The importance of developing metrics and accounting for every Rand spent



How do we know if progress is being made in social development interventions that we are implementing? How do we know if our education, health or livelihoods programme is making a change in the country? These questions are the critical ones when we want to measure impact.

And to answer these questions, measurement metrics are a key nexus to monitoring, evaluating and learning, as governments, NGOs, M&E professionals and social investors move towards contributing to the SDGs and goals of the National Development Plan. Measurement metrics are units of measure that demonstrate change over time. They are important tools to measure performance and progress. In order to effectively measure change and, ultimately, impact, we must have the “right” metrics to track targeted outputs and outcomes.

Measurement metrics should not just be “thrown into the mix” to fill up an M&E Plan. Too often, Tshikululu sees social investors that take a scattershot approach to metric development, trying to measure everything and anything they can think of. This may create the illusion of impressive measurement, but more often than not it just creates a lot of problematic noise. Two of our guiding M&E principles as a business are “Less is more” and “So What?”. First, we strive to keep our M&E processes, indicators and reports simple and accessible to effectively communicate to the broadest possible audience. Second, we always choose our indicators carefully, only collecting data which is important and useful in making better decisions.

Following these principles allows Tshikululu to intentionally measure change. With few but carefully selected metrics, you inevitably focus on what matters (and not what may be interesting but isn’t actually that important). This approach allows us to detect and eliminate failures during project implementation, as well as identify what works.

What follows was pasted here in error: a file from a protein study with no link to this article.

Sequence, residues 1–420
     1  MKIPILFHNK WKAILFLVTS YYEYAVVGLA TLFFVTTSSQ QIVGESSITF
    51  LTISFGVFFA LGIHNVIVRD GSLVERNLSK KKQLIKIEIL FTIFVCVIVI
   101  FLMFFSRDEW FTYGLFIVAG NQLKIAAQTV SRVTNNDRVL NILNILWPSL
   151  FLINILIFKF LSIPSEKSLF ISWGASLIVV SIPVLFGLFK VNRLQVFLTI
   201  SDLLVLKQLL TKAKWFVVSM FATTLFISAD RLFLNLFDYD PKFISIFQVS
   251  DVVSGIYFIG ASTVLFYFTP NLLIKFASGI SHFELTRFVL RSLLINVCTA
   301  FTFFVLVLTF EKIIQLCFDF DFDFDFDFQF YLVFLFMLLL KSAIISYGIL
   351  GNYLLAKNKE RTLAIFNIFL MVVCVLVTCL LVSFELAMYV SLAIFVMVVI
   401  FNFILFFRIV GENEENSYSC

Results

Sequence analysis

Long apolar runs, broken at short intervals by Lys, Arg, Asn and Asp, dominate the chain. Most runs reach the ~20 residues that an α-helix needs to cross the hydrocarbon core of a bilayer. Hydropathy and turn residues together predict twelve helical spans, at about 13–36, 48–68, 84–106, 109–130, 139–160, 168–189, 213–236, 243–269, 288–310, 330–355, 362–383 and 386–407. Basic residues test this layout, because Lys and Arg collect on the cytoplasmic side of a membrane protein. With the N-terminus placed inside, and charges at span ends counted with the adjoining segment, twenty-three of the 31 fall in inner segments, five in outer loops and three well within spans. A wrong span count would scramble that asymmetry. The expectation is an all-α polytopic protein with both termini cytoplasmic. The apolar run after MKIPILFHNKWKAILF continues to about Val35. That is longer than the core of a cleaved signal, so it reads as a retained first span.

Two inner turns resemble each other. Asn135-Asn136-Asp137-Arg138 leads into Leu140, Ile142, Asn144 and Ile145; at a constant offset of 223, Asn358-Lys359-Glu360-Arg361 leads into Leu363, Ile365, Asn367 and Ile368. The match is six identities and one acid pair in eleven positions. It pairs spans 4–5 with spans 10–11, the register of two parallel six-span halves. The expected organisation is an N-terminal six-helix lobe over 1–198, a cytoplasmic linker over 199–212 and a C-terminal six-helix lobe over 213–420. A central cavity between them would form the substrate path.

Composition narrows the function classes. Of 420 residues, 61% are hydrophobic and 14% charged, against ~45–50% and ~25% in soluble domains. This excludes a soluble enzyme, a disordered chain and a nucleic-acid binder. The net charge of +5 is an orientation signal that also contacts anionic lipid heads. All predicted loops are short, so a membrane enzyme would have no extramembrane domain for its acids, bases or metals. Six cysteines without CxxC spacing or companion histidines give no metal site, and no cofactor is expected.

When choosing metrics, consider the following steps:

  • Brainstorm a possible list of metrics for your initiative. Start broad, as this is the time to throw lots of indicators into the mix!
  • There are lots of different frameworks – including SMART and SPICED – but at Tshikululu, we assess each potential metric using the CREAM approach. In other words, is the metric Clear, Relevant, Economic, Adequate and Monitorable?
  • Based on this criteria, you should select the most appropriate metrics for your work.
  • Finally, you can draft metric protocols, which are instructions that capture the reasons for selecting indicators and identify plans for data collection, analysis and review.

It is imperative that anyone involved in impact-related work develop metrics to ensure they are measuring what is important and are also able to account for every Rand spent. Output and outcome indicators are proxies of impact, so ensuring that you have the correct metrics from the onset is a key step towards ultimate goals. Find the metrics that truly matter, and you will be well on your way to success.

 About Tshikululu Social Investments

Established in 1998, Tshikululu is a social investment fund manager and advisor, working alongside investors and other development partners to maximise the power of social investment. We define social investment as any financial commitment – from grantmaking to impact investing – that seeks to drive and measure social impact. Our service offering is underpinned by a deep and hands-on understanding of the complexities of development and social investment.

As agents of social change, we partner with our clients throughout South Africa to realise their social investment goals. Over the past two decades we have operated in every province in the country, covering urban and rural areas, and collaborated with social investors in various sectors including mining, financial services, renewable energy, property development, banking, insurance, healthcare and logistics.